The Lesson from the Green Deal…
Yesterday, the UK Government released initial figures on the uptake of its flagship Green Deal programme. This was developed to help homeowners retrofit energy efficiency measures in their home, financed from their electricity bills, but under the ‘Golden Rule’ that repayments would never exceed savings from the scheme. Sounds good? Well, uptake has been slow.
According to the Guardian, over 40,000 assessments have been undertaken, but only 3 people have taken out a loan with another 200 in the process of doing so. 5000 having financed the measures themselves and got cashback from the Government. This suggests that the people the Green Deal is aimed at – those who can’t afford that capital investment themselves – are not taking advantage of the finance – not yet, anyway.
Why not? They’d always get some cash in their pocket, get warmer homes, contribute to a greener future – why not?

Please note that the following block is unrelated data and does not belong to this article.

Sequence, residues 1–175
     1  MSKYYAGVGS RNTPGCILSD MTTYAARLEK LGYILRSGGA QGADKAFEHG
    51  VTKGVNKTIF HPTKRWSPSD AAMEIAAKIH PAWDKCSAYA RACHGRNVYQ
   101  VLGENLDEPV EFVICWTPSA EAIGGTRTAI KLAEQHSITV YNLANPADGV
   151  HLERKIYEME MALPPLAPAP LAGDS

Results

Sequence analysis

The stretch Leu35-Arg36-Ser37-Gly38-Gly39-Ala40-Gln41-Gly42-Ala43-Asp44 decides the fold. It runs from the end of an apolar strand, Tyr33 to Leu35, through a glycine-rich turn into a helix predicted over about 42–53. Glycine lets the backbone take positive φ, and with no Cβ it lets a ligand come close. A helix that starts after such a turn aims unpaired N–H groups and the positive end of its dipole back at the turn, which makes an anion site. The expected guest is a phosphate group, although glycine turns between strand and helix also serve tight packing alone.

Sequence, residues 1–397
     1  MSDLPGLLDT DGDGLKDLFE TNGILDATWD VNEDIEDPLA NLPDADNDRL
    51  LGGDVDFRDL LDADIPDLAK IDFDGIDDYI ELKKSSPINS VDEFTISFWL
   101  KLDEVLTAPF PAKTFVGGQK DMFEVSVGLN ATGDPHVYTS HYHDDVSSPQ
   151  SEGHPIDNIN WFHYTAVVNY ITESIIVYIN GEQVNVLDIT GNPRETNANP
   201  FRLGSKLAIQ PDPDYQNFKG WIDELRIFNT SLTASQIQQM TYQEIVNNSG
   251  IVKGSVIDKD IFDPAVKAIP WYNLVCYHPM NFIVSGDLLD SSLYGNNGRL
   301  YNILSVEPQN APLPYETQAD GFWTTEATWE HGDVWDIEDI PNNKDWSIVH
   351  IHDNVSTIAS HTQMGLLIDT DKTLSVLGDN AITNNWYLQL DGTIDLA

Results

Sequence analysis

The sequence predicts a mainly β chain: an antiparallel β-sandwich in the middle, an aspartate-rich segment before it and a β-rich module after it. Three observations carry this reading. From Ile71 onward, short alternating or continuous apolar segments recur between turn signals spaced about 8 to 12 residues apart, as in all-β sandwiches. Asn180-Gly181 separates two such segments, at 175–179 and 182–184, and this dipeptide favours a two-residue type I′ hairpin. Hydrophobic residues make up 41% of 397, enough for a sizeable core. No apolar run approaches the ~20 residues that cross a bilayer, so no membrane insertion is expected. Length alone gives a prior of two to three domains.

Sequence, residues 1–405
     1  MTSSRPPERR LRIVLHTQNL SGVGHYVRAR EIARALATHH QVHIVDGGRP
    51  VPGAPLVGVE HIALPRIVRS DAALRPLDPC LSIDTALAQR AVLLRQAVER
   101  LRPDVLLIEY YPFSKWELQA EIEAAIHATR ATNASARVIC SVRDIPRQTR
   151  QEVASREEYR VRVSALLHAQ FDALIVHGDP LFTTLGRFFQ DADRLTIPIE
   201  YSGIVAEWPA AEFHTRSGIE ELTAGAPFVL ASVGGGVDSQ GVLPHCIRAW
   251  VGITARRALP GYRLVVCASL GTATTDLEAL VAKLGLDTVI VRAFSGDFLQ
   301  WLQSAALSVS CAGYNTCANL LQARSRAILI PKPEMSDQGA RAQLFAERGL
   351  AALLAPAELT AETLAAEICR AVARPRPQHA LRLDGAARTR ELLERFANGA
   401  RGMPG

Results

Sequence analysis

Well, it’s all a bit complicated, isn’t it? I mean think of a harassed working parent, dashing from school gate to the office or factory and back again, feeding the family, getting them to bed and then slumping on the sofa. They’ve got a choice between watching the latest shenanigans on The Apprentice or getting their head around the Green Deal’s Golden Rule. Which wins?
When I sat on the board of a WarmZone project, we struggled to give away insulation for free to low income households. Why wouldn’t people take their arm off? Some people didn’t believe it really was free, others saw clearing out their loft as too much hassle – despite the big economic, health and comfort benefits the insulation would bring. Add a relatively complex financing deal to that and it doesn’t surprise me that people demur.
Again and again we keep getting the same lesson – that if you offer a green option it must not only be better than the alternative, or the ‘do nothing’ default option, but be simpler and more intuitive as well.
A walk in the park, not a slog through the mud, in other words.